I'm a life long teetotaler. I went to my first party my senior year of High School (not just out of choice; I was never invited--I was an outsider.) It was the most ludicrous, pointless thing I'd ever seen. I lost respect for more people that night than ever before or since in my life.(I also discovered that a great way to get over a teenager crush is to see the object of your affections puking her guts out on a front lawn.)I'm glad I have no predisposition to drink (few people in my family and ancestry do) and didn't take it up in spite of that.
Well gosh, I thought that it was a normal and accepted thing for college kids to get totally wasted every night.I mean, that's what people keep telling me. After all, they're "adults" now, they're "responsible", they're "smarter than you seem to believe". I hear this a lot.
Tom Lehrer once said...Hearts full of youthHearts full of truthSix parts ginTo one part vermouth
In addition to killing people in driving accidents, alcohol can become addictive, and recovering from Alcoholism is not easy - especially since too many deny that they have that disease. Before treatment, too many Alcoholics only remember the good times. While treating the disease, they recall the bad experiences. BUT THE GOOD TIMES DID OCCUR.I remember the song @ U. Va.,"From Rugby Road to Vinegar Hill,we're going to get drunk tonight ..." - and the Spring Party Weekend, "Easters" which was so popular that the school administration finally forbade it.I remember several of us being outside on a patio near Farmington, drinking Martinis with our girlfriends, listening to an LP record of Segovia playing Bach. I can remember after a full night of parties eating a breakfast prepared by a date at 5 AM, and starting to realize that she was not just pretty, but also bright, witty, and somebody I was VERY interested in being with. (That sudden realization, which probably had something to do with the alcohol, reminds me that "malt does more than Milton can, to justify God's ways to man". But Segovia does sound marvelous playing Bach when I am stone cold sober; and it wasn't that long ago when, without alcohol, I realized that someone I liked was someone I wanted to be with.)"Out of life's school of war: what does not destroy me, makes me stronger."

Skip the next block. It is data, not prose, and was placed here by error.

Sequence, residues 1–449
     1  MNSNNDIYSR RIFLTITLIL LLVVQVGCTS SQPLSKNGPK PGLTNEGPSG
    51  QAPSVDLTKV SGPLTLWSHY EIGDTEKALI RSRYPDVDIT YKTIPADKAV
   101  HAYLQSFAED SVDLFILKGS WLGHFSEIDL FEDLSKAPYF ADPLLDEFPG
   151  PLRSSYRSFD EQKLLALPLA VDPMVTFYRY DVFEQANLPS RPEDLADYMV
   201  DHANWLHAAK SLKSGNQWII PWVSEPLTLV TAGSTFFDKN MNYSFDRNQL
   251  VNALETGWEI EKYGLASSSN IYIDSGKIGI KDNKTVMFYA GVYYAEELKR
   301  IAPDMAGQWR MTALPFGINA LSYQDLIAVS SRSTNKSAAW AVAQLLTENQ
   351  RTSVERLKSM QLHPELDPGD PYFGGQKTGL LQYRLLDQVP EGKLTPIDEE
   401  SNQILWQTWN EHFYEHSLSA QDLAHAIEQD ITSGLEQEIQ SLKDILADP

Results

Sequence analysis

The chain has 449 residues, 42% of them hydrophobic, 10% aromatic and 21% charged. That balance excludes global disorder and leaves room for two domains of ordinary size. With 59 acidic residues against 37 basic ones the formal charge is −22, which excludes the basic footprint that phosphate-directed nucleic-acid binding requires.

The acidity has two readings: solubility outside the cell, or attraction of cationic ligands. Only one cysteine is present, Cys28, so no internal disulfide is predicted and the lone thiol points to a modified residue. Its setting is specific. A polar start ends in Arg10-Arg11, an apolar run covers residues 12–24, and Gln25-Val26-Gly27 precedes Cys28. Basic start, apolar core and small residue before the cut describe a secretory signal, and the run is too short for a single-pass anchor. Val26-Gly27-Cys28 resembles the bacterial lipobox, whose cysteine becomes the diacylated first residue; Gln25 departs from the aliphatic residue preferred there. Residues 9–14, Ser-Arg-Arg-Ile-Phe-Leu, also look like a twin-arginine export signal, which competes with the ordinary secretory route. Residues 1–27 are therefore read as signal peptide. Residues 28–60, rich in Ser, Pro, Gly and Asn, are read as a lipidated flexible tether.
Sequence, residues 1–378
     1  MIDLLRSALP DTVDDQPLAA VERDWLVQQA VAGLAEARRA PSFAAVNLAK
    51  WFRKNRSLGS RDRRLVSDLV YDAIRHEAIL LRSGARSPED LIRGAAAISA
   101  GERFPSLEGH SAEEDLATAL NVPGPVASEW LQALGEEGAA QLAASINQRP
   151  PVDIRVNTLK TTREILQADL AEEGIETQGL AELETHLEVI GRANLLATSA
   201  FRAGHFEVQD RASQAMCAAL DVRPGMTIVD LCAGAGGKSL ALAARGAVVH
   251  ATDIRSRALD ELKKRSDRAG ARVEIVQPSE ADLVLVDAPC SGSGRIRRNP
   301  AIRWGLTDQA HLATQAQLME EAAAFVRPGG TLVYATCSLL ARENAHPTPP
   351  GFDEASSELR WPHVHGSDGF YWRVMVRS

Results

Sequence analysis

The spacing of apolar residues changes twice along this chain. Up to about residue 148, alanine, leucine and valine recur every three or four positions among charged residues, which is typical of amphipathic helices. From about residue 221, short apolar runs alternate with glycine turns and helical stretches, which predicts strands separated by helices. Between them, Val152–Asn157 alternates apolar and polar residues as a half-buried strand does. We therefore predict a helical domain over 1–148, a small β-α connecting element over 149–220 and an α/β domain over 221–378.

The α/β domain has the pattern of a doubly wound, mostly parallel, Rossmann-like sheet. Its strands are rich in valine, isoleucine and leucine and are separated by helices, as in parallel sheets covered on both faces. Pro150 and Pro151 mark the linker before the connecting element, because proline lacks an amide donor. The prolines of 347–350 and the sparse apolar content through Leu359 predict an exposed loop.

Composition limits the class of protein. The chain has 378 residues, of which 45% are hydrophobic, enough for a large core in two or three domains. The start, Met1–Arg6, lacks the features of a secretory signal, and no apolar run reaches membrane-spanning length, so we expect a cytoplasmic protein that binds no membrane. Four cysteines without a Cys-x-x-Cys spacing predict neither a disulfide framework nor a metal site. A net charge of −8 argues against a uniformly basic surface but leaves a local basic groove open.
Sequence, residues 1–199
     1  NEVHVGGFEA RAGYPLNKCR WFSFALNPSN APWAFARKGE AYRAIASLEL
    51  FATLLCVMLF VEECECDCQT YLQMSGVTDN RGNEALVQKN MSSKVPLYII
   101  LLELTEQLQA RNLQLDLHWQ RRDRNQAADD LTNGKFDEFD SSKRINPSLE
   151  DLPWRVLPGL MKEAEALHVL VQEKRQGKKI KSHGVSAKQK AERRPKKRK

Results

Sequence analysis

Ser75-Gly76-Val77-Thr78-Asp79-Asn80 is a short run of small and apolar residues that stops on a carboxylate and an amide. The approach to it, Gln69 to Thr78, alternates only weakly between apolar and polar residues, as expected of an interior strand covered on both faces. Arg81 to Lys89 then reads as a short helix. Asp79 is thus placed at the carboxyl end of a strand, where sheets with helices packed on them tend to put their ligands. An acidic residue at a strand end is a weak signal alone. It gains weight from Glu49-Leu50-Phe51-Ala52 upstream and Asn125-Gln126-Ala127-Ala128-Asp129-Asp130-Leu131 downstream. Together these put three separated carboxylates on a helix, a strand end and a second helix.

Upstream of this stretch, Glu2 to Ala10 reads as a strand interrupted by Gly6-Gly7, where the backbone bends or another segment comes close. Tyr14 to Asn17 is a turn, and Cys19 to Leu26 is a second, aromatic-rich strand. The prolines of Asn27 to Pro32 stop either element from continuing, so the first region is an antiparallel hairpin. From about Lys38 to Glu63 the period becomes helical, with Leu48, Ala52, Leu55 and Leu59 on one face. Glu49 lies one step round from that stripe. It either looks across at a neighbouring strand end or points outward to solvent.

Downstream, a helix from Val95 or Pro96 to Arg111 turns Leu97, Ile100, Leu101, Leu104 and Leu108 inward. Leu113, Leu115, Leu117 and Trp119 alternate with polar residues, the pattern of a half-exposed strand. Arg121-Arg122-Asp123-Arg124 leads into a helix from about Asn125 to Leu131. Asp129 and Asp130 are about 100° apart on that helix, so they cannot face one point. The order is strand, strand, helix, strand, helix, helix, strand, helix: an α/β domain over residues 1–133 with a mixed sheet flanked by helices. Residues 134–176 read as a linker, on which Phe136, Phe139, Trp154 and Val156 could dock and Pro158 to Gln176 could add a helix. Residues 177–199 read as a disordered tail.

"Out of life's school of war: what does not destroy me, makes me stronger."Yeah, that dude ended up with syphilis. Which killed him.
Fat, drunk and stupid is no way to go through life, son.
Not a lot of romance in those days for me, literally or figuratively.We were too poor to go out and drink in public, gee for the amount of money it took to get drunk in a bar, we could buy beer and have plenty left for some good smoke. Drinking to excess in public for women is very risky behaviour, plain and simple. Fun? Not really. As my father in law says, ythe only thing you can do better drunk than sober, is make an ass out of yourself.
I don't recall too many people at UW who "went out and got wasted every night". And if they did, they weren't around too long. Not terribly conducive to, you know, being able to stay in school. This just smacks of sensationalism to me, and I wonder whether MADD is behind it. Rather like your typical NYT story where the reporter talks to a half dozen Manhattanites and decides that such-and-such a behavior is "a new trend".